Gender pay gap – women over 40

Sheila Fahy

For reasons I am not disclosing, I was drawn to the Government’s announcement last week that it will be targeting the gender pay gap in relation to women over the age of 40. It is widely known that the overall gender pay gap currently stands at 19.5%, but when the figures are analysed a little deeper, an altogether different story emerges.

Looking purely at figures for full-time employment, the gender pay gap is just below 10%. Once the data is divided into age groups, the gap varies significantly. Interestingly, during the peak child-bearing period, women earn more or almost the same as men. Specifically, between the ages of 22 and 29, a woman earns around 3% more than a man, before a slight gap emerges for women in their 30s. However, it is once a woman has established a family and/or career that her pay will take a steep nose-dive: the gap is at 15.3% for women in their 40s, and increases to 18.4% for women in their 50s.Gender pay gap

There are undoubtedly complex and multi-dimensional reasons for the differential, an issue that the Women and Equalities Committee will be examining. The three areas of focus are:

  • How effective will the Government’s proposals be in reducing the gender pay gap faced by women over 40?
  • Are there any changes that would help reduce the gap more quickly or effectively?
  • What could be done to improve the position of women over 40 when it comes to recruitment, retention, promotion and training?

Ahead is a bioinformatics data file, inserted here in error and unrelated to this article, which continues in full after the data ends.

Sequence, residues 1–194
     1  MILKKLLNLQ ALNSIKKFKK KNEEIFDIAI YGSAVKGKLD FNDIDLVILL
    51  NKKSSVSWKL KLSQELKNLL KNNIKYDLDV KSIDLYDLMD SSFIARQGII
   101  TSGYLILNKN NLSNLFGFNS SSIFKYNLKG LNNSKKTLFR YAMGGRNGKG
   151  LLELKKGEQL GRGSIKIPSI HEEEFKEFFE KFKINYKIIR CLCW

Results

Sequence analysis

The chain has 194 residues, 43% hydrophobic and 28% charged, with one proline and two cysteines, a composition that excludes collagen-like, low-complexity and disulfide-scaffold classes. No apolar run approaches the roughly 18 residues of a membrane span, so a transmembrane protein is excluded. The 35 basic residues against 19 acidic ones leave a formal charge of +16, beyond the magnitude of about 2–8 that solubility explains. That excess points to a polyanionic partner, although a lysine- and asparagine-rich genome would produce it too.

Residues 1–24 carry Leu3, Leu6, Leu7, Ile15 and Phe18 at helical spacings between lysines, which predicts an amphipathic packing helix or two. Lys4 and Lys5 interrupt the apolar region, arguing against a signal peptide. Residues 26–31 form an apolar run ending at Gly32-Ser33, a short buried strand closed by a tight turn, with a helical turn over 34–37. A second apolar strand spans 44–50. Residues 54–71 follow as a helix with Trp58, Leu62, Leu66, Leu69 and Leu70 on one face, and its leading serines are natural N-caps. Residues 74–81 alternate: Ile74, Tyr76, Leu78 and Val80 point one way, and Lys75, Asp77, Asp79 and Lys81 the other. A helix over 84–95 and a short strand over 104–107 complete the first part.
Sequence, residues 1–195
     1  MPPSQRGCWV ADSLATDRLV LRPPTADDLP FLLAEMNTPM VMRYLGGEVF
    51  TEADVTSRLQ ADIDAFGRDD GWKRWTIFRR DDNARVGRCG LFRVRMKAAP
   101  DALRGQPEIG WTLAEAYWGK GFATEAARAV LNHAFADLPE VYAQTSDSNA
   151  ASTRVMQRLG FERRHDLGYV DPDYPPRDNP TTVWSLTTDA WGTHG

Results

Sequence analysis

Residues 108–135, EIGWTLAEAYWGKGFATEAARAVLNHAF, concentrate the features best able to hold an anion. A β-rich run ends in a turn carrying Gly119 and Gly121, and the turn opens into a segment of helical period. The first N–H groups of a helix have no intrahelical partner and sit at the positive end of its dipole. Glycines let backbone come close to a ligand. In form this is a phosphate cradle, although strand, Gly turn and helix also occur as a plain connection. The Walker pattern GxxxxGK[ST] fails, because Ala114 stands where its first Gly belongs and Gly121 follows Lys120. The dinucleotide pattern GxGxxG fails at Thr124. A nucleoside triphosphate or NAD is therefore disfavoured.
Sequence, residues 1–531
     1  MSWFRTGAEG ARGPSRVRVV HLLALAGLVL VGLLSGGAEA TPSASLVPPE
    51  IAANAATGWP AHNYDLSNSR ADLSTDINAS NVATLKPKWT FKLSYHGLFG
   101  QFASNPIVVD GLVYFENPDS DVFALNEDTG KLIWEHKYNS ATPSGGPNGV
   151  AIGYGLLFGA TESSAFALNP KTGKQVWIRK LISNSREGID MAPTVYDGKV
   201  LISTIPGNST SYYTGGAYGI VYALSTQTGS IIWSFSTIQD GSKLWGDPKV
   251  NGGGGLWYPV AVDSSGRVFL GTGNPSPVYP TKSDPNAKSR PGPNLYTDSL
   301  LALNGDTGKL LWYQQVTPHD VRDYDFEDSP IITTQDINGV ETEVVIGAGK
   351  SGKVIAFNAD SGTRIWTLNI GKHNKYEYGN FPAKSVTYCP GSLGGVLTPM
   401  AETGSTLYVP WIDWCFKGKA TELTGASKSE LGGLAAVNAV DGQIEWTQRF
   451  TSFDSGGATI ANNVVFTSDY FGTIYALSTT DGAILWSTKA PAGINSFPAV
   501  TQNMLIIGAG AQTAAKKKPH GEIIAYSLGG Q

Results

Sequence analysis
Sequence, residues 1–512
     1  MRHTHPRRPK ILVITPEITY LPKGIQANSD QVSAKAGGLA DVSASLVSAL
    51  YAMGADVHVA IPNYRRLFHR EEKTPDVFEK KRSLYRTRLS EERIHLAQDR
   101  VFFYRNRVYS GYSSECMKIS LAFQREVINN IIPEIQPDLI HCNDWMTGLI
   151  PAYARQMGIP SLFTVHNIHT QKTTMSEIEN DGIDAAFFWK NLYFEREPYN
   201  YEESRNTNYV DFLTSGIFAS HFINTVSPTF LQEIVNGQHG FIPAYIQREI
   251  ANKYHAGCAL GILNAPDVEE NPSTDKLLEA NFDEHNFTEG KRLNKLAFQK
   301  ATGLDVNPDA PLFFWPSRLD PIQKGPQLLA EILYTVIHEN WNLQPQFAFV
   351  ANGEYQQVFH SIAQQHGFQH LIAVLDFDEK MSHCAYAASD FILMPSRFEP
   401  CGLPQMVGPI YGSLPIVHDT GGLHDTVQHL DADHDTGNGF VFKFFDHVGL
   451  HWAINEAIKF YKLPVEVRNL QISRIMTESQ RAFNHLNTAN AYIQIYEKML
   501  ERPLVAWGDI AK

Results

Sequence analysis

This particular issue demonstrates perfectly that a pay gap of itself is meaningless. The data needs careful analysis, examining role, age, business group, etc, to identify where the problems lie and whether there are explanations for the findings. Only then can resources be directed towards reducing any real gap.

Gender pay gap – useful link

Women and Equalities Committee – Inquiry page

Comments published on Employment Talk do not necessarily reflect the views of Allen & Overy.

Read comments below or add a comment
  1. Rachel says:

    The data supports what we’ve suspected to be the case for decades. Only when women start to be less accepting of their pay and more assertive will real change be brought about. This doesn’t necessarily mean bringing equal pay claims but perhaps we need to be a bit less grateful and a bit more challenging in discussions about pay or at least have the discussion in the first place. What’s the worst that can happen?

    • Sheila Fahy says:

      Absolutely agree. Women need to be more courageous in starting those discussions, and managers (particularly male ones) need to appreciate that this is not something that comes naturally to most women

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